As you can see, we first check to see if anything has subscribed to the given article. If so, we loop through the assigned mailboxes. For each mailbox, we loop through the subscribers. We set the event data to the message object, then call the appropriate event on the subscriber. (The "mailbox" is the name of the event on the subscriber to call.)

There's only one more method we need to add and we'll be done. For ease of use, let's overload the Publish() method so we only have to specify the article name. I find this useful when we don't need to supply any data for the event.

public subroutine publish (string article)
_EventProperties EmptyProperties
Publish (Article, EmptyProperties)
end subroutine

Put It to Use
That's not really a lot of work. We added two new objects: a hashtable and a generic "event properties" object. And we added one instance variable and three methods to our base object. Now let's see how easy it is to use this. For our example, we're going to have an object that "changes." When it "changes," it will publish a "Changed" event, providing the old and the new values. We'll also have an object that subscribes to this event.

Start by inheriting from _EventProperties to create an object called ChangedEventData. On this object, add two string instance variables called OldValue and NewValue.

Next, inherit from your base object to create an object called "Publisher_Example". Add a string instance variable called MyValue. Add an event to this object called "Changed" that has two arguments: OldValue of type string and NewValue of type string. Add a function to this object called "ChangeValue" that takes a single string argument. Here's the script for the ChangeValue() method:

Public subroutine changevalue (string newvalue)
String OldValue
OldValue = MyValue
IF IsNull (OldValue) THEN OldValue = "[NULL]"

MyValue = NewValue
THIS.EVENT Changed (OldValue, NewValue)
End subroutine

And in the Changed event, put this script:

event changed (string OldValue, string NewValue)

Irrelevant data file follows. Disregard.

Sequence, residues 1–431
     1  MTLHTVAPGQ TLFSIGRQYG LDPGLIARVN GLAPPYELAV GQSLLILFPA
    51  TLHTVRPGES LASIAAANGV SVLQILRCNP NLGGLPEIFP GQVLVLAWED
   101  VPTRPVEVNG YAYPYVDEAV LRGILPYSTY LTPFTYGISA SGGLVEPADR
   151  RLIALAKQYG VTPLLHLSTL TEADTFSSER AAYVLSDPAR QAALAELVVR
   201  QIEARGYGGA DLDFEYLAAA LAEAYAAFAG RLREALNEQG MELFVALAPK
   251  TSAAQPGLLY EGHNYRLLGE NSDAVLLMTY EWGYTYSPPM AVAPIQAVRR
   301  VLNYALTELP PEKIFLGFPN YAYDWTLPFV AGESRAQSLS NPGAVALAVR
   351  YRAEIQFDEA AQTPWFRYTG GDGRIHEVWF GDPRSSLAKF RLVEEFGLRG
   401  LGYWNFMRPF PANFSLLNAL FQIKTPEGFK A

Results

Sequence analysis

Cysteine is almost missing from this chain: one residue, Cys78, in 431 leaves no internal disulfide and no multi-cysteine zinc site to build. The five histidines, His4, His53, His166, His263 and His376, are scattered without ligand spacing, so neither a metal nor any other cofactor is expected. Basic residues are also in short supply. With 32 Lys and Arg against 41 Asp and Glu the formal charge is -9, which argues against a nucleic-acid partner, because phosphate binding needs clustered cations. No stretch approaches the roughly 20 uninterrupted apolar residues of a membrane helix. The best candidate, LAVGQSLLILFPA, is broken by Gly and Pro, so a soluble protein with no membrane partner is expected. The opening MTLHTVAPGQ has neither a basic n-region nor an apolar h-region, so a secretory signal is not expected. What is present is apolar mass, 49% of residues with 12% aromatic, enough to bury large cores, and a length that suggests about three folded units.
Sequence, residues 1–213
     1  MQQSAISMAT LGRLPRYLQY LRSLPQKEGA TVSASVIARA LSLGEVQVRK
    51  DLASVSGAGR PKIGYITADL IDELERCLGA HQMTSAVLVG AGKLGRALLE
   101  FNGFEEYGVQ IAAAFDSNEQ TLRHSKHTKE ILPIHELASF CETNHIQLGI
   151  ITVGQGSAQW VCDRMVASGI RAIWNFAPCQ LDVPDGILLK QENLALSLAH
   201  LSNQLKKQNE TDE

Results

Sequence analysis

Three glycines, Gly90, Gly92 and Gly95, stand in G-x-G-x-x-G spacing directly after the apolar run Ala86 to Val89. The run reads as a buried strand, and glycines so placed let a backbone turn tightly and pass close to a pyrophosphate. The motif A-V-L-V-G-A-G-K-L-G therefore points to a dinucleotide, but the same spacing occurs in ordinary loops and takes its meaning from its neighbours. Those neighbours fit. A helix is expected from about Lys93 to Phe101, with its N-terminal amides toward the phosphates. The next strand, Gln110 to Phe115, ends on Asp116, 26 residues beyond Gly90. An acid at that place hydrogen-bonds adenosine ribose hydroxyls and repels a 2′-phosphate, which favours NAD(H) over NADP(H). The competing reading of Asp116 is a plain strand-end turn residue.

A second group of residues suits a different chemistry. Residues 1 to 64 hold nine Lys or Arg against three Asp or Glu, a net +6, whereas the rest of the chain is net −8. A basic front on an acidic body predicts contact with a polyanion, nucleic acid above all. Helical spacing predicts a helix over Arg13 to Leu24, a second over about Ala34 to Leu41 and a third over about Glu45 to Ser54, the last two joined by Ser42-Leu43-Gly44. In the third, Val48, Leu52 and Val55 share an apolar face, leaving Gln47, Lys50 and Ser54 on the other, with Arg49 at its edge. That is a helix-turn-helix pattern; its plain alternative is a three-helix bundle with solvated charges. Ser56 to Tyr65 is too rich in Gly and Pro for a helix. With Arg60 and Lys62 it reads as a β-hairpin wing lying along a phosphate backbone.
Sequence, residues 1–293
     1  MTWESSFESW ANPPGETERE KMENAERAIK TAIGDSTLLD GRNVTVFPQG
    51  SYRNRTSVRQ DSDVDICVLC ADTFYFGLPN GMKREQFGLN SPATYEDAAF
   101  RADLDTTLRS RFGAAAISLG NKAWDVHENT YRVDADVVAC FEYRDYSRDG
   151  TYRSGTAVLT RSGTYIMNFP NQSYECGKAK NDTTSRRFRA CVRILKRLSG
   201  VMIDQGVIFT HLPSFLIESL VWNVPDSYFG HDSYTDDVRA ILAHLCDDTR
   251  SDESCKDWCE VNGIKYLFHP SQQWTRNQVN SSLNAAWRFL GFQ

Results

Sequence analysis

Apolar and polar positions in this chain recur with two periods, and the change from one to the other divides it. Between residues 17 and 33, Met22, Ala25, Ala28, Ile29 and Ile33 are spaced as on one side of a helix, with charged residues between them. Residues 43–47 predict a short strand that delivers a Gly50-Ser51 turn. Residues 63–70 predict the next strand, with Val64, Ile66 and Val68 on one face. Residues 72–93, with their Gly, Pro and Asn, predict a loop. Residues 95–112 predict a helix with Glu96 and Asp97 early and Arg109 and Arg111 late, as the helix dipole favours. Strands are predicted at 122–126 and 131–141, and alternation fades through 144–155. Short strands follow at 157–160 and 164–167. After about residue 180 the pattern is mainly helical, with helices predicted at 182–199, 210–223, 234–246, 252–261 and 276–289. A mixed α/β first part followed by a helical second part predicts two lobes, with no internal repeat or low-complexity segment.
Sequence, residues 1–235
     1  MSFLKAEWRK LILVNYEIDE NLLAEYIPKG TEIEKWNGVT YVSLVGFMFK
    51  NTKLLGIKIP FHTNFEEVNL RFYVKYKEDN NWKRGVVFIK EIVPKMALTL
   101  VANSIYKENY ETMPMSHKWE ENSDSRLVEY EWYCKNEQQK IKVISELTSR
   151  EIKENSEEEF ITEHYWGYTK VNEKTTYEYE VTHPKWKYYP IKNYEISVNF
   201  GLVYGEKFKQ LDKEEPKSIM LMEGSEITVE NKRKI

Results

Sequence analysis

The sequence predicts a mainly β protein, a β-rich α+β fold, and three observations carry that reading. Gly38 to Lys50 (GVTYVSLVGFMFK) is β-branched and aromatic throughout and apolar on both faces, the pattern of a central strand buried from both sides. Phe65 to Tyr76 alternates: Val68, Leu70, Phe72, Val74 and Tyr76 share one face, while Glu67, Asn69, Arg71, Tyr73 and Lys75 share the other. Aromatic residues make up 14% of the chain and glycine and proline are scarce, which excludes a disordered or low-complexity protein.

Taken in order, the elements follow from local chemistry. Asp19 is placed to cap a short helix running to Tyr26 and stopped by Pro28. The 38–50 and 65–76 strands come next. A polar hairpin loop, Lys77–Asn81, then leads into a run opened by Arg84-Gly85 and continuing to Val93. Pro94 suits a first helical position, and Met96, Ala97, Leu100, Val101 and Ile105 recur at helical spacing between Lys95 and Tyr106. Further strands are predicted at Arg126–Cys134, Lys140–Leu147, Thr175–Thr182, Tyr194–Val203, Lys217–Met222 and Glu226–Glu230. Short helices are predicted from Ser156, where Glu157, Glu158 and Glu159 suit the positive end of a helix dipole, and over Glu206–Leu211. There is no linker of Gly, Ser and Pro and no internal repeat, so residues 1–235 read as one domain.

ChangedEventData MyData
MyData = CREATE ChangedEventData

MyData.OldValue = OldValue
MyData.NewValue = NewValue

Publish ("Changed", MyData)
End event

Inherit from your base object, this time creating an object called "Subscriber_Example". Add an event to this object called "On_PublisherChanged". In this event, put the following code:

Event on_publisherchanged ()
ChangedEventData RealEventData
RealEventData = Message.PowerObjectParm

MessageBox ("Changed", "The value was changed from " + RealEventData.OldValue + " to " + RealEventData.NewValue)
End event

To make it all work, our subscriber needs to subscribe to the publisher. On the Subscriber_Example object, add a method called SeeTheMagic(). That script should look like this:

Public subroutine seethemagic()
Publisher_Example ExamplePublisher
ExamplePublisher = CREATE Publisher_Example
ExamplePublisher.AddSubscription (THIS, "Changed", "On_PublisherChanged")

ExamplePublisher.ChangeValue ("Our first change!")
ExamplePublisher.ChangeValue ("Oops, I did it again.")
End subroutine

What did we do here? Basically, we've inverted the roles of responsibility in the event model in PowerBuilder. Now, when one object is dependent on a second object, the first object can say, "What do I need to do when that other object's state changes?" We've realigned our thinking to closer match .NET, thus easing our migration in the future. And we've better encapsulated our scope of responsibility because the publishing object doesn't need to know anything about any other object that might be using it. What can we do with this? If we have a list of things in memory (the "C" in an "MVC" [1] design pattern), then any window can subscribe to a change event and update itself automatically. If we have a nonstandard user input device (like an RS232 barcode scanner or credit card scanner), we can add a subscription for when data is received. Or... I'll leave it up to the reader to come up with new ways to use this.


  1. The Model-View-Controller pattern hinges on a clean separation of objects into one of three categories - models for maintaining data, views for displaying all or a portion of the data, and controllers for handling events that affect the model or view(s). See also http://en.wikipedia.org/wiki/Model-View-Controller.

More Stories By Jason Fenter

Jason Fenter is an independent consultant working with PowerBuilder since 1996. With experience ranging from large companies with teams of ten or more to private companies with a single person for the IT department – and with projects ranging from inventory management to customer tracking to finance – Jason has an extensive background and knowledge base to draw upon.